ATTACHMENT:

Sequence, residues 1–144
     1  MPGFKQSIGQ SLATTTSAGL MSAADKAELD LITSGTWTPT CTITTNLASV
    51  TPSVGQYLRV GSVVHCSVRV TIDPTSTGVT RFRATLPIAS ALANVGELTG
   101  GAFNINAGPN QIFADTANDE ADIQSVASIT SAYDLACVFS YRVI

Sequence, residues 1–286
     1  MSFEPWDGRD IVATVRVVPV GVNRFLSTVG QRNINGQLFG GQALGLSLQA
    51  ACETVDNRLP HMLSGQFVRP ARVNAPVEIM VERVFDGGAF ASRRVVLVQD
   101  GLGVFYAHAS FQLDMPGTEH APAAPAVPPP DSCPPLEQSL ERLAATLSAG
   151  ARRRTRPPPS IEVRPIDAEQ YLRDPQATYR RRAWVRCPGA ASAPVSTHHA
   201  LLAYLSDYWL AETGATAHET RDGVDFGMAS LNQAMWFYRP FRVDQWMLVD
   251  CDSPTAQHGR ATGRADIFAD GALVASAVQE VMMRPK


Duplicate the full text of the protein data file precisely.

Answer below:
Sequence, residues 1–144
     1  MPGFKQSIGQ SLATTTSAGL MSAADKAELD LITSGTWTPT CTITTNLASV
    51  TPSVGQYLRV GSVVHCSVRV TIDPTSTGVT RFRATLPIAS ALANVGELTG
   101  GAFNINAGPN QIFADTANDE ADIQSVASIT SAYDLACVFS YRVI

Sequence, residues 1–286
     1  MSFEPWDGRD IVATVRVVPV GVNRFLSTVG QRNINGQLFG GQALGLSLQA
    51  ACETVDNRLP HMLSGQFVRP ARVNAPVEIM VERVFDGGAF ASRRVVLVQD
   101  GLGVFYAHAS FQLDMPGTEH APAAPAVPPP DSCPPLEQSL ERLAATLSAG
   151  ARRRTRPPPS IEVRPIDAEQ YLRDPQATYR RRAWVRCPGA ASAPVSTHHA
   201  LLAYLSDYWL AETGATAHET RDGVDFGMAS LNQAMWFYRP FRVDQWMLVD
   251  CDSPTAQHGR ATGRADIFAD GALVASAVQE VMMRPK